Johanna Bruckner

This work’s central concern is a discussion of the construction site scaffold in relation to the scaffold as object and method of an algorithmic operation. Based on the provocative ideas of the socialist architect Sergio Ferro, the point is to set the digital fabrication of public space by algorithmic infrastructures against the physical scaffold as a location for economic-political confrontation. The work, consisting of a public sculptural installation, performance and intends to sound out the capacity for agency for a praxis that organises itself politically to entwine work, space and infrastructure; and will refer to current developments in the public space.

This work, as seen in the images, was installed at a construction side at the gateway to the newly built BaakenQuarter in Hamburg's HafenCity. The installation consists of copies of photographs by Sergio Ferro glued onto stone (construction side material) where it may reside for a while. Around the photograph, scroes were drawn. The source for the drawings is based on the apartment's rearrangement of the ground plan's form and size; as most of the to be established forms may not serve the future populations. The new housings' forms and shapes are again performed by the performers. The drawings, morover, articulate workers' tasks on the construction side. Housing / labour interact and suggest different interactions as laid down by the interests of market and state.

In addition, a sound installation within the sculptural stone setting (see the images) articulates his spoken words (orginally in Portugues; translated into English which can be heard in another corner). Furthermore, several of Ferro’s ideas have been discussed in a workshop with a few performers. In this setting, the performers developed a short choreography based on the concept of scaffolding; which has been performed on the site at intervalls. The performance of scaffolding refers to the invisible labour in building – and development projects; and the devalorization of the labourer’s bodies; in the process of our work, these bodies will be equipped with the surplus produced through our collective affective relationalities.

The Scaffold refers to both, construction side physical labour, as well as to the algorithmic sca old as both a method and object in algorithmic infrastructure - and logistics; and belongs to tools, among which subversive knowledges and peformances are emering and articulating. The key references on which this work draws are, amongst others, the architect Sérgio Ferro‘s marxist architectural criticism, which emphasises the socio-economic transformation of built space as the politics of the material and of social class.

Sérgio Ferro is a Brazilian architect who was born in 1938. He is a graduate of the University of São Paulo, where he also taught. Having been exposed to the realities of the construction site, he focuses particularly on questions of labour and the conditions of production. As a member of Arquitectura Nova, a radical architecture group which he formed with Flávio Império and Rodrigo Lefèvre, he critiqued Brazil‘s modernist impulses, which he viewed as excluding the vast majority of Brazilians who were living in poverty. e group took part in urban actions and proposed strategies that would democratise access to architecture, as well as the design and building processes. ey described their work as creating an aesthetics of poverty and a poetics of economy, envisioning a highly politicised approach to architecture. e Brazilian dictatorship later responded by exiling Ferro alongside his mentor, Vilanova Artigas, and his colleague Rodrigo Lefèvre.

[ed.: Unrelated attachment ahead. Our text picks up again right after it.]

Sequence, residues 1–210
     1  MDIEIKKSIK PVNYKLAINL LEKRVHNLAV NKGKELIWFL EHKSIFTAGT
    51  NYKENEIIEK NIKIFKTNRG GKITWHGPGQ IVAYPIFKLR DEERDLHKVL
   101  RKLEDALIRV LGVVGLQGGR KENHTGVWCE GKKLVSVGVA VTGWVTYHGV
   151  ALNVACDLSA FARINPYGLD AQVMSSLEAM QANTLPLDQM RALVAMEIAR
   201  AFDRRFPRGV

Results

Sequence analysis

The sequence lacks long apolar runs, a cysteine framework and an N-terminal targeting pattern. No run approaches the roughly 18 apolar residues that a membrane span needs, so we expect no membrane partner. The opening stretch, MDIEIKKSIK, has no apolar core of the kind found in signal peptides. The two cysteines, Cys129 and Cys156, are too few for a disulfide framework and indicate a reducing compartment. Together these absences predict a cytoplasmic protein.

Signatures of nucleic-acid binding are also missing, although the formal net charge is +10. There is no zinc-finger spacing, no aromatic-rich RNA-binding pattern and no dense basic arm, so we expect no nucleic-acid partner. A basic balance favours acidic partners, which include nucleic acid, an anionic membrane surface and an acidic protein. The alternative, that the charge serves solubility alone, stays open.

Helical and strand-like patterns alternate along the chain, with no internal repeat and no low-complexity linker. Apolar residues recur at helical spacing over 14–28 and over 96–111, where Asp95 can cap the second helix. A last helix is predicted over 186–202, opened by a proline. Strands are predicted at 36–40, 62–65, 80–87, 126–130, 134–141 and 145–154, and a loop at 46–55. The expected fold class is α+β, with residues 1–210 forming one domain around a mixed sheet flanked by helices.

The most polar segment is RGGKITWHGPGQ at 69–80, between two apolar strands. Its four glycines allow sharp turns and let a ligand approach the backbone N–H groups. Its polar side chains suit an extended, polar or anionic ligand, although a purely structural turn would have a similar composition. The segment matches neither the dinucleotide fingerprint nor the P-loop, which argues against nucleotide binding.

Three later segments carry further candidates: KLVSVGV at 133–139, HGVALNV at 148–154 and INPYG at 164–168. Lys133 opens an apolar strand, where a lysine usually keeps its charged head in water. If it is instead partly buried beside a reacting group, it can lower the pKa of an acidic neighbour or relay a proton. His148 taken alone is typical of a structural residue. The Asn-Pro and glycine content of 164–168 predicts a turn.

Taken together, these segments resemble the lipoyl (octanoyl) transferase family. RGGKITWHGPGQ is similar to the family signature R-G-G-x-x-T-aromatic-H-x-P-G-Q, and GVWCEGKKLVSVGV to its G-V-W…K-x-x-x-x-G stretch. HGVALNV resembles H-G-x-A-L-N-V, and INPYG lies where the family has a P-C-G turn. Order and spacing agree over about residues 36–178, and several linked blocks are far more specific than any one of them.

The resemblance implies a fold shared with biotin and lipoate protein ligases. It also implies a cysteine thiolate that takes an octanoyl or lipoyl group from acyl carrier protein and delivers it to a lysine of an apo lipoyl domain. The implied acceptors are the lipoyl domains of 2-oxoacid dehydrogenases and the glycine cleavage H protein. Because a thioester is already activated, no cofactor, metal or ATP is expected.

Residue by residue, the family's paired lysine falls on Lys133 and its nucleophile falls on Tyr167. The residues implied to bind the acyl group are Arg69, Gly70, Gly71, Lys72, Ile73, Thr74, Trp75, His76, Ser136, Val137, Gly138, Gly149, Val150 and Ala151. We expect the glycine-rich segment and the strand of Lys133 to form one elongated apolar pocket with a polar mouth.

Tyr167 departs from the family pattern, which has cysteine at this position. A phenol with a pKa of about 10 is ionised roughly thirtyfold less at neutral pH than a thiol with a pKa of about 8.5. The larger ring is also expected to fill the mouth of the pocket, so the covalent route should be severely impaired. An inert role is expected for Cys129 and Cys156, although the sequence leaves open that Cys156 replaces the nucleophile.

Ferro’s ideas took shape during the 1960s when he was involved in the design of Brasília, the new capital city. The disjunction between the architectural discourse of freedom and democracy that surrounded the project and the reality of the inhumane working conditions on site were formative for Ferro and his critique. He witnessed these conditions rst hand; the low pay, lack of food and rampant dysentery, as well as dangerous building practices that took no account of the risks to workers‘ lives. Based on these experiences, Ferro wrote of architecture as the production of commodity, with its modern practices fostering a division of labour in order to generate value. For Ferro, this attitude was encapsulated in the jargon involved in architectural drawing, which alienated and was indeed largely incomprehensible to the builders. His aim is a departure from the desired transformation of production in favour of design solutions. One of his key ideas was the popular house, which aimed to equip citizens with a support structure to enable them to build houses by themselves.

See text under RESEARCH.